Ms. Nichols' contributions extended beyond the fantasy of Star Trek® and into the reality of NASA when she was recruited to help promote the program and recruit astronauts. Oscar Wilde said, "Life imitates art far more than art imitates life," and the role she played on TV and film paved the way for her contributions in growing NASA.

Like the fantasy world of Star Trek®, NASA's genesis was heavily influenced by women. The beginnings of NASA can be traced back to 1915 with the creation of the National Advisory Committee for Aeronautics (NACA). Women have been an integral part of NACA/NASA operations since 1922, playing essential roles such as mathematician, computer, astronaut, engineer, and supervisors.

Pearl Young

Photo: Wikimedia Commons

As the first woman hired by the NACA in 1922, Pearl Young served in the Instrument Research Division, responsible for "constructing, calibrating, and repairing virtually all instruments carried on aircraft." She quickly became an integral part of the organization spending nearly 40 years with the organization until her retirement in 1961.

 Katherine Johnson

Photo: Wikimedia Commons

Katherine Johnson was also employed by NACA (the precursor to NASA) in 1953 and worked there until 1986. She was a mathematician that calculated trajectories for NASA missions. It was said that John Glenn asked that Ms. Johnson hand-check the computer-generated calculations for his orbital mission, claiming that if she said they were good, he was willing to go into space. In 1960, she became the first woman in the division to receive author credit on a paper titled "Determination of Azimuth Angle at Burnout for Placing a Satellite over a Selected Earth Position."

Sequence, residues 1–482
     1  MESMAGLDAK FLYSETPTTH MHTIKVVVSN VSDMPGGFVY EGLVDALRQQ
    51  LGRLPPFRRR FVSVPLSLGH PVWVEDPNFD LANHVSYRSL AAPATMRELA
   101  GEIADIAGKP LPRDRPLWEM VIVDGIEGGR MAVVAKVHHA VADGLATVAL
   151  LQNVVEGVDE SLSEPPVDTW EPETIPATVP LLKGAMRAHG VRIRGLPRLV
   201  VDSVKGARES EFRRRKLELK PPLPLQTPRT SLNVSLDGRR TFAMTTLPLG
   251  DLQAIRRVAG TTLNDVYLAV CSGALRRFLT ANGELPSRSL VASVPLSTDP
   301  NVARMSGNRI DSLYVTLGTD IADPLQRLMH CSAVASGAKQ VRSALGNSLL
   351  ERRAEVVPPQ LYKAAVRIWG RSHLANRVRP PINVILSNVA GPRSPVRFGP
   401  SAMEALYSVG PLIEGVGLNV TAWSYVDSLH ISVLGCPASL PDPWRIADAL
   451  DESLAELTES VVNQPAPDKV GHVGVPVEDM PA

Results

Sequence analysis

Sally Ride

Photo: Wikimedia Commons

It would be 61 years from the first female hire until NASA put a woman into space. Sally Ride's initial flight in 1983 as the first female US astronaut was the culmination of decades of pressure from both the media and scientists to include women in the astronaut corps. Ride applied to NASA when she responded to a NASA advertisement in her college paper. At the time, NASA was dominated by military test pilots. When she left NASA in 1987, she was the director of the exploration department. After that, she became a professor of physics and director of the California Space Institute at the University of California, San Diego.

The number of women at NASA has increased over the past decade. In 2012, one-third of employees were women, including 30% of supervisors and 20% of engineers. By 2017, 37% of new hires were women, and half of the latest astronauts were women.

Women have made a lasting impact on the space industry, and we celebrate their accomplishments and contributions to expanding our understanding of space.

Further Reading

To Boldly Go: Nichelle Nichols’ 90th Celebrated With Unveiling of Foundation

When Star Trek's Nichelle Nichols died in late July at age 89, she was lauded as the trailblazer she was during her lifetime. However, her story is far from over. In early 2023, she will fly alongside the DNA of her son, Kyle Johnson, aboard Celestis’ Enterprise Flight. In addition, the Nichelle Nichols Foundation – announced today, on what would have been her 90th birthday – will continue to promote diversity in STEM fields.

By Celestis
on 12/28/2022